how to become an event planner

Convention/Exhibition Planning Careers

In this section, we'll look at the pros and cons of convention/exhibition planning careers—as described by a professional; Grace Nacchia, Event Director, George P. Johnson.

Grace Nacchia
Grace Nacchia
George P. Johnson

Grace Nacchia is an Event Director at George P. Johnson where she works on multiple conferences and conventions/exhibitions for clients that include IBM and GSMA (Global Systems for Mobile Communications Association).

Prior to George P. Johnson, Grace worked for Imagination on the Shell/Ferrari global exhibitions program and EMS Worldwide on roadshows and events for Sony and Royal Bank of Scotland. Grace has delivered events throughout Europe, Asia, and the Middle East.

Pros of Convention / Exhibition Planning Careers


“With a conference, you’re usually taking over a venue, so anything you add to it design-wise has to complement the existing space.

With an convention/tradeshow/exhibition, you’re trying to put a stamp of yourself—or rather your client—in a footprint, and you’ve got a small amount of space to demonstrate how innovative you are. You have to be creative to make your booth/stand different from everyone else’s and attract people to it. There has to be an initial attraction of some sort and that’s all about the design.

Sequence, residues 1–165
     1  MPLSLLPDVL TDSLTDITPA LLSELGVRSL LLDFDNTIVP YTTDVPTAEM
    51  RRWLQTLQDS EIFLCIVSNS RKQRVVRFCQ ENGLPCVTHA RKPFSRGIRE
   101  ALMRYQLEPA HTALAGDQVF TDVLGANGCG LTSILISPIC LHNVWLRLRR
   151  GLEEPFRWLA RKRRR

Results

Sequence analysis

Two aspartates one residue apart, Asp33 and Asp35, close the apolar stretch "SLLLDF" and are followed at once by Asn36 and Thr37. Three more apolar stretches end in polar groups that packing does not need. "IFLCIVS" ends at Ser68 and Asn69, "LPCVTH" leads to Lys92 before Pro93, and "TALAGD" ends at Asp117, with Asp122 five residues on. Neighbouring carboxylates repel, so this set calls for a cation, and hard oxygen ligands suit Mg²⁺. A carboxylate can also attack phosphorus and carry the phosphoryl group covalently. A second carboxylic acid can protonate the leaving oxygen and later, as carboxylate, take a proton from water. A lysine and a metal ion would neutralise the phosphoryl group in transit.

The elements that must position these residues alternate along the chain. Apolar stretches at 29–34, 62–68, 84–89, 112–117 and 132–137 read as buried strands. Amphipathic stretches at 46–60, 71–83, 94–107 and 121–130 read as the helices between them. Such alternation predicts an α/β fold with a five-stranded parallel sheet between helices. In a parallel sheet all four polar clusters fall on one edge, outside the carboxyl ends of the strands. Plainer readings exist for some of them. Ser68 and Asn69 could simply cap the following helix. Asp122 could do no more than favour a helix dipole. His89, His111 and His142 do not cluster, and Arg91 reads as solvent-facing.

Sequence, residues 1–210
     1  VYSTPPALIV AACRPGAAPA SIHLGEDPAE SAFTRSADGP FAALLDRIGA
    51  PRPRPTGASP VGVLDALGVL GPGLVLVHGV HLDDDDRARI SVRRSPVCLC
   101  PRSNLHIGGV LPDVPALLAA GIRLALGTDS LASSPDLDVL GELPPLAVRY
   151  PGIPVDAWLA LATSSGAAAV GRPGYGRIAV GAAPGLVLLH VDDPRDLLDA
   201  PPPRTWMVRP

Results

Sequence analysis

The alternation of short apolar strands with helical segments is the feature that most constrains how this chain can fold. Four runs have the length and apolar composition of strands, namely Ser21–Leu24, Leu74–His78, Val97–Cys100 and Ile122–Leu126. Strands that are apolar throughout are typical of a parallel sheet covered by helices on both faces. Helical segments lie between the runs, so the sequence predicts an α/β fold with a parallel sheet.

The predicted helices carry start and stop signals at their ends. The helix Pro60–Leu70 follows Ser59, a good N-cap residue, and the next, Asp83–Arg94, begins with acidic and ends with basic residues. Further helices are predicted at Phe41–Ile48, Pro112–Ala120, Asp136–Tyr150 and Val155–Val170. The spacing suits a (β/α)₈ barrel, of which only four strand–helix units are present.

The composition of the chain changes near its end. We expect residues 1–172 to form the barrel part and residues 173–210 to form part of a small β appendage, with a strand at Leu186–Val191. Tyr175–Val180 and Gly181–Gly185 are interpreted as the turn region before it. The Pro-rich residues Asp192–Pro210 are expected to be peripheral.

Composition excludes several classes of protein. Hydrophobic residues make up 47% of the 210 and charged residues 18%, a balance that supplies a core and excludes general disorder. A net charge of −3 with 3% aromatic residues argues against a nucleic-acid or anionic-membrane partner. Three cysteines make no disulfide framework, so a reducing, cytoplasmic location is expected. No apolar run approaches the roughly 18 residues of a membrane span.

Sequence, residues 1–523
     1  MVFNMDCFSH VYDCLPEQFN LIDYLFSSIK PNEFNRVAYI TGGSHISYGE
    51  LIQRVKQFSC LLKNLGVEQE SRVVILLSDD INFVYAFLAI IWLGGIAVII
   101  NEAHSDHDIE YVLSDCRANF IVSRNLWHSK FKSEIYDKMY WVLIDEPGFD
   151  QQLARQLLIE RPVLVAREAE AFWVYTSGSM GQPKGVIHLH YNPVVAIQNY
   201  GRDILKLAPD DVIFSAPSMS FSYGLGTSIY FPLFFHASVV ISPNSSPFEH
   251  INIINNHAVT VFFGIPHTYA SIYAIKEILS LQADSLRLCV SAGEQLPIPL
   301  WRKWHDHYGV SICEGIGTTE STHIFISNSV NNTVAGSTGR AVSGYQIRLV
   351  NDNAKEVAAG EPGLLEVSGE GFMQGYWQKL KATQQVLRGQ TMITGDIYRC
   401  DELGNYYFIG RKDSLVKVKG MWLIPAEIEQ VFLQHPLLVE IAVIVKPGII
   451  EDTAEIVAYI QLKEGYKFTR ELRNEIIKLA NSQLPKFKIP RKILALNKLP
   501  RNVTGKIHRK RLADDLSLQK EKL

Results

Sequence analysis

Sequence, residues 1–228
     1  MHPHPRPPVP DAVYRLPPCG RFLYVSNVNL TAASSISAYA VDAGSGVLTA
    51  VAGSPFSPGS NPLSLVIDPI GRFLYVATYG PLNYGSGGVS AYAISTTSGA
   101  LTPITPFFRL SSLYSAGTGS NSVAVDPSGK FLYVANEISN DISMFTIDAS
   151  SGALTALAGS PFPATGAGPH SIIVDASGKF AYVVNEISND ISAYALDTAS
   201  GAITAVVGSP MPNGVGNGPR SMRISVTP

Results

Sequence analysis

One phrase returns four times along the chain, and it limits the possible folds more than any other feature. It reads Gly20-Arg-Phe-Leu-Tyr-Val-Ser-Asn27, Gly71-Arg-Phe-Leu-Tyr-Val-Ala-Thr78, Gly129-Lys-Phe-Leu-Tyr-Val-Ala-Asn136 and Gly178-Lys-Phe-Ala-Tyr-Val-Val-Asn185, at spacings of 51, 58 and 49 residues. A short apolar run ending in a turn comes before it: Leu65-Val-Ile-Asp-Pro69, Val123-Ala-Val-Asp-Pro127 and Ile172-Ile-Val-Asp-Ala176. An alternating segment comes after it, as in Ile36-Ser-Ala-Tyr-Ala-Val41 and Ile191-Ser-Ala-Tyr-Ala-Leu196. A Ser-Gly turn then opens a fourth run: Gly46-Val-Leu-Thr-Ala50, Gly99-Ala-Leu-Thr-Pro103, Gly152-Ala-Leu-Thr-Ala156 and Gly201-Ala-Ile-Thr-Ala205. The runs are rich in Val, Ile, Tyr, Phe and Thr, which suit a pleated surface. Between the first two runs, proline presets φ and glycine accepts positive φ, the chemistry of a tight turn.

That’s the part I love.”


Creating a Program of Events

“If you're organizing the entire convention/exhibition, you have total ownership of the event when it comes to the design and execution—and that's a great blank canvas to work with. You also get to plan many fun spin off events from the main conference/exhibition/trade show floor—as well as having a lot more scope for entertainment.”

Cons of Convention/Exhibition Planning Careers


“With conventions/exhibitions there’s a lot of control with regard to deadlines, in that you have to respect other people’s deadlines.

With most other events, the planner is usually the one setting the deadlines. With conventions/exhibitions, your deadlines are often set for you by the convention/exhibition you’re taking part in. There are often a lot more rules and regulations you have to follow than with say, a conference, on top of the usual health and safety considerations that come with most events.”


Long Hours

“I would say that conventions/exhibitions are a lot more all-consuming. The parameters can be endless; a bit like a ripple effect and before you know it, it’s grown! Which is great for the ultimate control freak, but the hours are long and you will find teams working through the night during shows.”

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